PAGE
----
Reviewer Ekta Garg: Ekta has actively written and edited since 2005 for publications like: The Portland Physician Scribe; the Portland Home Builders Association home show magazines; ABCDlady; and The Bollywood Ticket. With an MSJ in magazine publishing from Northwestern University Ekta also maintains The Write Edge- a professional blog for her writing. In addition to her writing and editing, Ekta maintains her position as a “domestic engineer”—housewife—and enjoys being a mother to two beautiful kids.
Author: Adrian Fogelin
Publisher: Peachtree Publishers
Four friends intent on enjoying their last summer before high school find a secret hideout. Their ringleader is determined to make it a special place for the group, but when his little brother finds a mysterious hat that shares information by magic the friends start to wonder whether they’re in over their heads. Author Adrian Fogelin gives teen readers this promising but lagging plot in her latest book Some Kind of Magic.
Cass faces her last summer before high school with trepidation. She doesn’t want anything to change, especially between her and her “sort-of” boyfriend, Ben. Her best friend, Jemmie, has no qualms; in high school, she knows, she’ll get a chance to join the track team and make a mark for herself. Ben, too, is eager for change and doesn’t want to spend his entire summer shooting hoops; his best friend, Justin, just wants to keep his life together while his parents fight it out every day.
The four friends, along with Ben’s younger brother, Cody, start their vacation the way they start every summer—with impromptu basketball games and visiting one another’s houses. Just shy of seven years old, Cody knows he’s old enough to hang out with the “big kids” but often gets relegated to the role of bystander. One day as the big kids play a game of girls versus boys, he decides to go home instead of chasing the ball when it rolls out of bounds. When his mother offers him the chance to do some chores, Cody finds a hat that arrests his attention.
The hat belonged to Paul, the uncle who used to live with his family and years ago disappeared without a word. Cody puts on the hat and gets the sense that it wants to tell him something. He starts receiving messages that he knows the hat wants to share.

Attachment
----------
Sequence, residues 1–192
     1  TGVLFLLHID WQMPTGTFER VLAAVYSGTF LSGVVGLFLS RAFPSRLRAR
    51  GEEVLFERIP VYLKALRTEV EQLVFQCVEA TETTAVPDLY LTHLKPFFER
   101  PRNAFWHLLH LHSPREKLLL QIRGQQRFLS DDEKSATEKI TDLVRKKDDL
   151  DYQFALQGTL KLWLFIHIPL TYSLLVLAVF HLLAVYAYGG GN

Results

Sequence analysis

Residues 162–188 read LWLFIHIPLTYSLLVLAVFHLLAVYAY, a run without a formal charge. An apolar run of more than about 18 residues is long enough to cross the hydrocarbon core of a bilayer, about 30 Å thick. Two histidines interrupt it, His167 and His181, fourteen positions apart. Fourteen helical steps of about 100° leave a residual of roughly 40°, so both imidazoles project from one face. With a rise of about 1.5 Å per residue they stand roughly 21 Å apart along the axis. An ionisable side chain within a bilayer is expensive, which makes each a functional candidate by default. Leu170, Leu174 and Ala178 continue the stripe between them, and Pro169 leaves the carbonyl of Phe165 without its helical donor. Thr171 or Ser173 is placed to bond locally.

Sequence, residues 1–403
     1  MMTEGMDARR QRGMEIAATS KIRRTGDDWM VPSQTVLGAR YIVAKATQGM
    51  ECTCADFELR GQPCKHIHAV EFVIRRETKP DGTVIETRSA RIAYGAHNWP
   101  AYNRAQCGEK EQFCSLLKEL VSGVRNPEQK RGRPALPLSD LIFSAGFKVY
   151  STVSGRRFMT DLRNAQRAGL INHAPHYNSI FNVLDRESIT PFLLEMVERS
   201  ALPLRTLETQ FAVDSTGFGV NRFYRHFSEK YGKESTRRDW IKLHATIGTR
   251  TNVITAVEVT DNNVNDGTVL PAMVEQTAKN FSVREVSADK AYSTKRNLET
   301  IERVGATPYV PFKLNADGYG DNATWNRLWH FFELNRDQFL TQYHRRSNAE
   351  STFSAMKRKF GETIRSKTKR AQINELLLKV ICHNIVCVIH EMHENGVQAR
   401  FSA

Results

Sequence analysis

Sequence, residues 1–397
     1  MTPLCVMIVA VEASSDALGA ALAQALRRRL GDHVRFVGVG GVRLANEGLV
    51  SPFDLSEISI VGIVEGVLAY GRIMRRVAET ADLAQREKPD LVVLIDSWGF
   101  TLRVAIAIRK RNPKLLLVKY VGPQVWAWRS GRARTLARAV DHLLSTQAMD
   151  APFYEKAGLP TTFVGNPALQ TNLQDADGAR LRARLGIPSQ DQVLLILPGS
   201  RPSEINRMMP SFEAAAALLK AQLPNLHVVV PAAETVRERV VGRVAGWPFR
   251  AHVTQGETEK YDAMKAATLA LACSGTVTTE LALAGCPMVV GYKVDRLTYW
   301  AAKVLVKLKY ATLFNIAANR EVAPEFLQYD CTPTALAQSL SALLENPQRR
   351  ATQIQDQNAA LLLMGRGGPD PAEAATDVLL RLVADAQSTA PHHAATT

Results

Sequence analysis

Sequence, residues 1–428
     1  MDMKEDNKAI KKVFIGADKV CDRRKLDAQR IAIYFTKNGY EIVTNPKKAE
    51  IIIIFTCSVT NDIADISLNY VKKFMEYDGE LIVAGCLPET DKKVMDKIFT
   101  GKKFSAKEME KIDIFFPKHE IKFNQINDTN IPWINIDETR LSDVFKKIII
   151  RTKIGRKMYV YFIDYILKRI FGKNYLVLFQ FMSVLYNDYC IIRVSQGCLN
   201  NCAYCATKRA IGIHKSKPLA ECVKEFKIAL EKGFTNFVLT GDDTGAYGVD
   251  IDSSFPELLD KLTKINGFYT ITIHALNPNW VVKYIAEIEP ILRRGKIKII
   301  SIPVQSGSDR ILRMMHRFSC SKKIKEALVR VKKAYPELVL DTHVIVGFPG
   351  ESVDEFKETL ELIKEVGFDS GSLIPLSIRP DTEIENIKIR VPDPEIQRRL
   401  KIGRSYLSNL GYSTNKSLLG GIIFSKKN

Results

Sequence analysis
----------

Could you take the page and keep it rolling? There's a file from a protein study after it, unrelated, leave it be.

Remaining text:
In the meantime Ben coaxes the others into going exploring, and they approach the woods. Despite repeated warnings from all of their parents to stay away from the area, Ben leads his friends into the middle of the trees. There they find the remains of a house that burned down in the past.
While the house no longer stands, the detached garage managed to escape whatever tragedy befell the family. Ben knows he and the others need to claim the garage as their summer hideout. Cody’s hat sends a message to proceed with caution, but Ben chooses to ignore it. What does a seven-year-old know about the boredom of summer anyway, he argues. Despite everyone’s reluctance, Ben forges ahead with his plans. As he and Justin start to investigate the origins of the house, though, he realizes it may share a connection with his family.
Author Adrian Fogelin gets the tone of teenagers mostly right, although readers will spend the first several chapters getting used to the alternating points of view. Each of the four friends gets to narrate a section of the book in first person, which will keep readers guessing at the start of that section until the identity of the narrator becomes clear from the context. Cody’s sections come in third person, and these parts of the book flow much better. Fogelin would have achieved more successful pacing if she’d kept all of the characters in the third person point of view.
Also, while Fogelin does an excellent job of setting the temperature for her story—all four kids manage to come up with inventive ways to describe the punishing summer heat—readers won’t know until more than halfway through the book that it’s set in Tallahassee. The location may not prove significant, but with so many people commenting on how hot it is readers will definitely begin to wonder where the characters live.
The mystery of Uncle Paul does get somewhat of a resolution, although incomplete, and while each character’s feelings remain clear their life stories don’t. Fogelin offers readers just enough to make readers wonder how these friends got into their specific situations in the first place. As is often the case in YA fiction most of the adults remain in the background, leaving the story lacking.
I recommend readers Bypass Some Kind of Magic.